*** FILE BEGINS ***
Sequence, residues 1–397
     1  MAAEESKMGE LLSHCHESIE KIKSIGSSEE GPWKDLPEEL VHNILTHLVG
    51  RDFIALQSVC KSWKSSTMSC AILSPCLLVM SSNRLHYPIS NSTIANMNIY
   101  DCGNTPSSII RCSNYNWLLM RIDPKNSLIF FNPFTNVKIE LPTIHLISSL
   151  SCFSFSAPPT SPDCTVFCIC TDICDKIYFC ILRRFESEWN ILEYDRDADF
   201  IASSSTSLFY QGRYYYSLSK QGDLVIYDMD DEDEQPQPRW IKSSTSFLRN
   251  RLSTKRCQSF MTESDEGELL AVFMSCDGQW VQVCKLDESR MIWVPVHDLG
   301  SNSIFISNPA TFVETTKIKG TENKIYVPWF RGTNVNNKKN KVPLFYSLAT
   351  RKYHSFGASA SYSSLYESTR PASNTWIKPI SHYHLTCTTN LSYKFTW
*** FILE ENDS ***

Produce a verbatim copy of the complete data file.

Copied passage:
Sequence, residues 1–397
     1  MAAEESKMGE LLSHCHESIE KIKSIGSSEE GPWKDLPEEL VHNILTHLVG
    51  RDFIALQSVC KSWKSSTMSC AILSPCLLVM SSNRLHYPIS NSTIANMNIY
   101  DCGNTPSSII RCSNYNWLLM RIDPKNSLIF FNPFTNVKIE LPTIHLISSL
   151  SCFSFSAPPT SPDCTVFCIC TDICDKIYFC ILRRFESEWN ILEYDRDADF
   201  IASSSTSLFY QGRYYYSLSK QGDLVIYDMD DEDEQPQPRW IKSSTSFLRN
   251  RLSTKRCQSF MTESDEGELL AVFMSCDGQW VQVCKLDESR MIWVPVHDLG
   301  SNSIFISNPA TFVETTKIKG TENKIYVPWF RGTNVNNKKN KVPLFYSLAT
   351  RKYHSFGASA SYSSLYESTR PASNTWIKPI SHYHLTCTTN LSYKFTW